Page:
LEGACY SERIES: RUDY SALVINI (1925 – 2011) “And Then What Do I Do?”

by Alex Walsh

Printed in the Musical News, January/February, 2008

“We all wanted to play. We all wanted to be involved,” says trumpet player and band leader Rudy Salvini, “That’s the inspiration to keep going. I had a burning passion right away.”

Today, he still feels that burning passion. It’s what keeps him rehearsing and gigging with his band, The Rudy Salvini Big Band. “At this point, it’s a labor of love,” he says,” It’s a matter of having good musicians. Art Dougherty’s been there 25 years – Allen Smith, Tom Hart, almost 50 years.”


Rudy was born in Oakland in 1925. He says that he had no relatives in music, but while growing up, he was exposed to music because his mother sang all the time. She was born in Italy and came to the U.S. at the age of 6. His father had many jobs, including as a construction worker and an auto mechanic. His parents were always supportive of him in school. In the 5th grade, when the music instructor came around with instruments to recruit students for the band, Rudy picked the trumpet. That was it.

When Rudy was 11, his father was killed in an industrial accident while working for a cement company that provided concrete for the construction of the San Francisco / Oakland Bay Bridge. He then moved in with his grandparents.

As a teenager, Rudy collected records. He recalls buying stock arrangements for .69 cents and starting rehearsal bands that met at his house after school. “The 1940s were a great time to go to high school,” says Rudy. ”It was the Big Band era – Harry James, Benny Goodman, Duke Ellington. We would go out to see them in the clubs. I remember the first time I heard Stan Kenton. I was blown away! I couldn’t believe it. It was simply amazing. I couldn’t have been more than 15.”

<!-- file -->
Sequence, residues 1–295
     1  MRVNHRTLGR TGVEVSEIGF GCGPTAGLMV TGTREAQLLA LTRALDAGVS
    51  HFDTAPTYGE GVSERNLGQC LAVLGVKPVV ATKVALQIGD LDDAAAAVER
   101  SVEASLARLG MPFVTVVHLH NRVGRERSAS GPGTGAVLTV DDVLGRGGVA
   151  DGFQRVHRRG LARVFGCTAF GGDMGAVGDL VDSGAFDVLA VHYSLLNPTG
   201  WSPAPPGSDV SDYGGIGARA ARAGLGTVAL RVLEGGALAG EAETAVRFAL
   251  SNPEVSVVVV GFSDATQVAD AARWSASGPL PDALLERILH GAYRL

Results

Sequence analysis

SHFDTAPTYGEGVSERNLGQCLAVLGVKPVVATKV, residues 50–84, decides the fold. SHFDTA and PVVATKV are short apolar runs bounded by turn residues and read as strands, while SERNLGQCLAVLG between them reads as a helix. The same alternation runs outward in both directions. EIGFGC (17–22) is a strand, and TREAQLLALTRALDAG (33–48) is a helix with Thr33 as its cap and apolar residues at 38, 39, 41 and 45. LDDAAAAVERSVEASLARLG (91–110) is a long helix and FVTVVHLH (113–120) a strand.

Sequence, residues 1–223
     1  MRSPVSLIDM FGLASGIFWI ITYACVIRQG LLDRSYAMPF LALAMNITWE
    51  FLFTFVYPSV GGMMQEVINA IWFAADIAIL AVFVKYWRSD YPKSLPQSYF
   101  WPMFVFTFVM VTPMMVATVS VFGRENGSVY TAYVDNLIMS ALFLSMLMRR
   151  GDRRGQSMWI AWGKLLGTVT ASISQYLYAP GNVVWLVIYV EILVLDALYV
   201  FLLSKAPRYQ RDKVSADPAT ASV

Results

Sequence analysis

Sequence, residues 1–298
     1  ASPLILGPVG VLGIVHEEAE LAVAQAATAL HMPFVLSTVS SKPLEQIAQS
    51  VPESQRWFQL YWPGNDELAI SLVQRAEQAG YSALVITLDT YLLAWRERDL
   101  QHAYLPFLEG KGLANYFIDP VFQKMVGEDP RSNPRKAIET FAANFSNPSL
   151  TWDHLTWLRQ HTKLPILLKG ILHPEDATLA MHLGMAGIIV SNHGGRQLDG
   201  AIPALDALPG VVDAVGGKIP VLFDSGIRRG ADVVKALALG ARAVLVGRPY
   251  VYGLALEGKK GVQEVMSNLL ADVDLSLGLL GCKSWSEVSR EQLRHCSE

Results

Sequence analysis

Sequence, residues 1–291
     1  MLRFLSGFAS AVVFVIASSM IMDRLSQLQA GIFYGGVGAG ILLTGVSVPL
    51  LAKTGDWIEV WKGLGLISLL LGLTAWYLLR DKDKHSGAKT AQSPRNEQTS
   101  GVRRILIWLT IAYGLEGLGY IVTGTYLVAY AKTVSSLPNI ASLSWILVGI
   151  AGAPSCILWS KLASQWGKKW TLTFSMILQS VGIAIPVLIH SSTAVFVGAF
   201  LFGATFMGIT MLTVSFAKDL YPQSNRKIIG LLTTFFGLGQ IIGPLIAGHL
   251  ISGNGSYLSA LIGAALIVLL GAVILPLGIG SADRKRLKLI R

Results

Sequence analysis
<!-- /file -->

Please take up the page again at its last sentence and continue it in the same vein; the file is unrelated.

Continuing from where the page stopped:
Soon, Rudy and his buddies could be found hanging out talking shop–how to play, how to read, how to interpret–at the popular Busy Bee restaurant, which was downstairs from the main rehearsal hall in Oakland. Rudy says that these Busy Bee sessions were invaluable because there were no music schools or music camps for teenagers, and no minus-one books and records available like today. The only way to learn was to talk to other musicians, and learn on the job.

After high school, Rudy started his own 12-piece dance band, which included his friends John Coppola and Johnny Markham. They played anywhere they could, including USO dances. “Pretty soon the union got to know who I was and said ‘hey, why don’t you join us?’” recalls Rudy. ”So I went down to see the business agent in Oakland and joined.” He was nineteen.

At the recommendation of his high school music teacher, Rudy enrolled in the music program at SF State. A year later, he was drafted. “The war had just ended with Germany, but not with Japan.” he says, “I was very lucky that I went to Germany.”

Stationed at Wiesbaden, Germany, with the 761st Army Air Force band, Rudy lived in a hotel in town and played almost every night. “Being at SF State and majoring in music probably gave me more experience,” he says, ”so the army made me the leader of a dance band, which gave me a couple of extra stripes.” At the recommendation of friends, Rudy joined the 314th Army Forces Band, the top general’s band, which boasted the best musicians from all over Europe. They played at the Wiesbaden Opera house for the Army Air Force Radio Network. It was a full band with a full string section and four singers, including a young Tony Benedetto (now known as Tony Bennett).

After two years, Rudy returned to San Francisco and continued his education at SF State under the GI bill. His classmates included Allen Smith, Cal Tjader, Paul Desmond, and Wayne Allen, among others. He got married and graduated in 1951, determined to be a professional musician. He soon realized that it was pretty tough to make a living, so he returned to college and finished his teaching credential in 1953. He then gave himself five years to see what would happen with music professionally. Rudy became one of the many casual musicians hanging out at the Union Hall on 230 Jones Street, waiting for work. He soon discovered that the phone attendant was the most important person to know.

“You need a trumpet player when? Thursday?”

“I’m free Thursday!” Rudy would say…

“That’s the way it would happen,” says Rudy, “Those things were happening all the time for all of us. We played everything.”